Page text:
Raising concerns of maternity discrimination (grievances, requesting information, time limits and getting advice)
What can I do if I am worried about how I am being treated because of my pregnancy?
It is advisable to resolve matters informally first. If this does not succeed, raise your concerns more formally in writing. Below are some of the options:
- Speak to your union representative, and ask them to raise your concerns with your employer.
- Raise your concerns informally with your manager or human resources.
- Write, or send an email to your employer explaining your concerns and setting out what you would like to happen.
- Refer your employer to the Equality Commission for Northern Ireland, or the Labour Relations Agency website so they can check what their legal obligations are to you.
- Speak to the Health and Safety Executive if you are concerned about your employer’s failure to comply with their health and safety obligations.
- Raise a formal grievance in writing. Your employer should follow their grievance procedure which should be consistent with the Labour Relations Agency Code of Practice on Discipline and Grievance.
- Seek free advice from the Equality Commission for Northern Ireland or your local Citizens Advice Bureau.
- Ask a solicitor to write to your employer – but this should be a last resort.
Do I have to attend a meeting with my employer to discuss my grievance?
Yes, it is advisable to attend a meeting with your employer to discuss your grievance, unless you cannot do so because you are ill or your baby is ill. There may be other means of having a discussion, for example over the telephone.
If I think my employer has discriminated against me, can I ask them why and do they have to respond?
You can issue your employer a questionnaire which will help you to decide whether or not to take your complaint further. Your employer is not legally required to respond to your questions about why you were treated unfavourably. If you take a formal claim, a tribunal may look at whether the employer has answered questions or not and how they have answered them, and take that into account when making their decision on your discrimination claim.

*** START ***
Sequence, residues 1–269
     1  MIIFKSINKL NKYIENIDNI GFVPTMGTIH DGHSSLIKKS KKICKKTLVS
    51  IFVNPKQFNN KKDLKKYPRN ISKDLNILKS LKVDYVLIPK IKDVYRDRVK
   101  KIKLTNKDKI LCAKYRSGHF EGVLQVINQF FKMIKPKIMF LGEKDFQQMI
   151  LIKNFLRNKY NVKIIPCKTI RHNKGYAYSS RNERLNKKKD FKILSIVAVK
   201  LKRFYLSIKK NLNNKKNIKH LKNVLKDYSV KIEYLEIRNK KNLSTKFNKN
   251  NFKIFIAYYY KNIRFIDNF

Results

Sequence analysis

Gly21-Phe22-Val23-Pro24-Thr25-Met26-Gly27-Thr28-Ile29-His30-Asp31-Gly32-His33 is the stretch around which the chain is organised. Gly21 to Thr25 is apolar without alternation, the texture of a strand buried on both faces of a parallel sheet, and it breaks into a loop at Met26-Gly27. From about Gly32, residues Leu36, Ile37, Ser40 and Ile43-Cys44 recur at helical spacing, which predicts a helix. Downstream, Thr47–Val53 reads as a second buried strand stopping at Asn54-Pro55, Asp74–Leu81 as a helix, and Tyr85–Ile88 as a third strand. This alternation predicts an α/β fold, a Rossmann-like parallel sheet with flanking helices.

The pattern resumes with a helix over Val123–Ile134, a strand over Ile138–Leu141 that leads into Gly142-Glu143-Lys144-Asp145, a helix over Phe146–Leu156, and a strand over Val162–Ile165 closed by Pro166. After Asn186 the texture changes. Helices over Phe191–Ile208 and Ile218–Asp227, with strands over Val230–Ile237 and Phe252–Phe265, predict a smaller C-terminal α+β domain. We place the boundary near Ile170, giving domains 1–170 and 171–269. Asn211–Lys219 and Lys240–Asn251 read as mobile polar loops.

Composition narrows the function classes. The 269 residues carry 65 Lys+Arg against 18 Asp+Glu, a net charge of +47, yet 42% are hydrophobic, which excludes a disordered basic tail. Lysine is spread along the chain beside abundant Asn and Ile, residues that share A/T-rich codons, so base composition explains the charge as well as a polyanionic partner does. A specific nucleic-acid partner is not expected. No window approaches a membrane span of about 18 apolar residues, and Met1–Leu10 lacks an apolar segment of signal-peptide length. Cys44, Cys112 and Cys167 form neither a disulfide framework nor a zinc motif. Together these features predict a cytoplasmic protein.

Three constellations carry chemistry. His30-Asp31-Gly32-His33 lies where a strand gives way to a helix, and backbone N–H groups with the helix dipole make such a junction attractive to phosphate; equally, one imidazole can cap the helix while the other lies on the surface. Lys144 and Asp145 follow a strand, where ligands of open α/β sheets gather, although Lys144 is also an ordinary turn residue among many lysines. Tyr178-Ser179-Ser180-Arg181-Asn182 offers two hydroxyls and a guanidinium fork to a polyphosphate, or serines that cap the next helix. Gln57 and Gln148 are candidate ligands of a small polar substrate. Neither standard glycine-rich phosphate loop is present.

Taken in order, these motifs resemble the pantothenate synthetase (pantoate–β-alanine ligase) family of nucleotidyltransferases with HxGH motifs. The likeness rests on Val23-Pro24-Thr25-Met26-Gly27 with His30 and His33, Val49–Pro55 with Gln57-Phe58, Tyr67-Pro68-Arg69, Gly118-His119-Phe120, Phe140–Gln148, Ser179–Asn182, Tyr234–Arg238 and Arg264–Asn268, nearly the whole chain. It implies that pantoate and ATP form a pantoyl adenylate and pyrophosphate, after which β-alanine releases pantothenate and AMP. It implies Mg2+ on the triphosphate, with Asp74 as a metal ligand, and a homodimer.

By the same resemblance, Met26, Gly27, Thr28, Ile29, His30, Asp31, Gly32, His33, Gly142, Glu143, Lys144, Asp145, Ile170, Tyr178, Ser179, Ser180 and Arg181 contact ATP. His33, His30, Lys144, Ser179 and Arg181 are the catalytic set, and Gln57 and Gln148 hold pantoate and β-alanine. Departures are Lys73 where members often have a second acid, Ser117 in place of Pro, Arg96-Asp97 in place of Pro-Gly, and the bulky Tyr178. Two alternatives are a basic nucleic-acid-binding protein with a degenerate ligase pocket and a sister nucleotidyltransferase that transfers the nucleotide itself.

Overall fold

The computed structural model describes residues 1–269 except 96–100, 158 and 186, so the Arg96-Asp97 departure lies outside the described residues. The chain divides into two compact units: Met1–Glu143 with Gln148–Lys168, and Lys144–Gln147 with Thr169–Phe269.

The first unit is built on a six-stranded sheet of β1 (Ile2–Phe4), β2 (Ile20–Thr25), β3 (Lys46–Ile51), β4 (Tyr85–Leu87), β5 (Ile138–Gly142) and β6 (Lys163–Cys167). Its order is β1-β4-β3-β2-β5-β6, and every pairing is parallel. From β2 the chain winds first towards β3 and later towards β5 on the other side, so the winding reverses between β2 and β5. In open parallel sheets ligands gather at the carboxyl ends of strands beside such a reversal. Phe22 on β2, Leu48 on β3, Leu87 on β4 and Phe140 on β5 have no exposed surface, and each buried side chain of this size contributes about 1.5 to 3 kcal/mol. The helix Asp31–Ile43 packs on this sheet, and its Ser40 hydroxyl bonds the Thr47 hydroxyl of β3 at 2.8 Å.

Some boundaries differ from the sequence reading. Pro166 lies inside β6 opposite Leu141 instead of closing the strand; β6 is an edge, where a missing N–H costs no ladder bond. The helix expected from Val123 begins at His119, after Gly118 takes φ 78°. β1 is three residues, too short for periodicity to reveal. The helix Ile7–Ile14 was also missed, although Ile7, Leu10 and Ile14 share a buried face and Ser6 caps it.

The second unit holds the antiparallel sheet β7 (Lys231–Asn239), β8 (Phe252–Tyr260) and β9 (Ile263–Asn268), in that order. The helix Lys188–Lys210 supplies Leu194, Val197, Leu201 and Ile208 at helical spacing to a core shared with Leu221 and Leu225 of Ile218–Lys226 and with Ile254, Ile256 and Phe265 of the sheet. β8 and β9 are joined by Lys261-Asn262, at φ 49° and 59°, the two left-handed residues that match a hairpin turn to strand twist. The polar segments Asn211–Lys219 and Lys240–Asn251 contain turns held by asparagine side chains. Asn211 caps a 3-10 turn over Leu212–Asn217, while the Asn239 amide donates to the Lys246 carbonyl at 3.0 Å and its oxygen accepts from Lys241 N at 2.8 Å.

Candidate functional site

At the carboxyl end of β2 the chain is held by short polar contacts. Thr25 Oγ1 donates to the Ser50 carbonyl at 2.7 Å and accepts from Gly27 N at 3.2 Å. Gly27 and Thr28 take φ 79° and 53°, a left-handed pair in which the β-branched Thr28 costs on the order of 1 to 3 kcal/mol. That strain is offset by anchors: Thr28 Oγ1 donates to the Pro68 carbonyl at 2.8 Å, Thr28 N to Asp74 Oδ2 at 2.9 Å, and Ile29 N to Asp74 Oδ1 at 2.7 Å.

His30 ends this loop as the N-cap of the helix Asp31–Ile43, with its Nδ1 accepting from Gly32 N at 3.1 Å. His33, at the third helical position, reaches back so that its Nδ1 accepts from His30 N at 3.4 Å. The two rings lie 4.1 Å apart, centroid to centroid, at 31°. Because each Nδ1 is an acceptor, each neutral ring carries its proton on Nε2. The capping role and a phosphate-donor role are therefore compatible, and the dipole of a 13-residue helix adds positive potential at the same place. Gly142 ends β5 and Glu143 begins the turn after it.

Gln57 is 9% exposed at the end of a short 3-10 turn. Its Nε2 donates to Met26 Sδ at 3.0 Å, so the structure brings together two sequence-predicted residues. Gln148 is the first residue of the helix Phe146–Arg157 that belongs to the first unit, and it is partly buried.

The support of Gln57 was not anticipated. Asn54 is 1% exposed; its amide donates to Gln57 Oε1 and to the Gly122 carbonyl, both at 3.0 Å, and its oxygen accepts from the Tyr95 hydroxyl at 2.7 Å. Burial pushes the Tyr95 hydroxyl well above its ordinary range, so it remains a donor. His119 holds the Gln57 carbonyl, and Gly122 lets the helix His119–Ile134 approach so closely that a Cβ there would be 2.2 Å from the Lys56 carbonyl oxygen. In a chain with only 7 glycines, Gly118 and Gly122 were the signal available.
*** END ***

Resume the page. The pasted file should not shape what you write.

This is a formal procedure and there are time limits to be observed and procedure to follow. Further guidance can be found on the Equality Commission’s website: Complaints process
Should I take notes at meetings to discuss my grievance and confirm what has been agreed?
Yes, it is advisable to take notes of meetings and discussions. You should also be aware that you are allowed to take a union representative or a work colleague into meetings.
If you do go to a meeting on your own, it is advisable to make notes of what was said either during the meeting or immediately afterwards. If something has been agreed, it is best to write an email to your employer confirming what you discussed. Then you will both have a record.
When should I raise a formal grievance?
You should raise a formal grievance when you have not been able to settle things informally and you do not think that your employer will take your concerns seriously unless you follow the grievance procedure.
Do I have to raise a grievance before making a claim to an industrial tribunal?
It is advisable to follow your employer’s grievance procedure before lodging a tribunal claim. However, this will not usually extend the statutory time limit within which you must lodge proceedings . If you are successful at the tribunal and you are awarded compensation, the amount you receive may be reduced if the tribunal decides that it was unreasonable for you not to raise a grievance.
What grievance procedure should my employer follow?
Your employer should follow their grievance procedure which should be consistent with the Labour Relations Agency's Code of Practice on Discipline and Grievance
Can my employer dismiss me for making a complaint or raising a grievance?
It would be unlawful victimisation to dismiss you for complaining about discrimination.
What steps do I have to follow to take a claim to an industrial tribunal?
There are a number of steps you need to follow to take a claim to the Tribunal. You can learn more about them in the Employment Tribunals website
Where can I get advice?
- If you are a union member, you should take advice from your union as soon as a problem arises. You can then discuss with the union what to do next.
- You can seek free advice from the Equality Commission for Northern Ireland
- Your local Citizen’s Advice Bureau
- A specialist solicitor but you would probably have to pay.
- The Equality Commission may be able to provide you with legal assistance. The Commission’s policy is available online: Equality Commission provision of legal advice and assistance (pdf).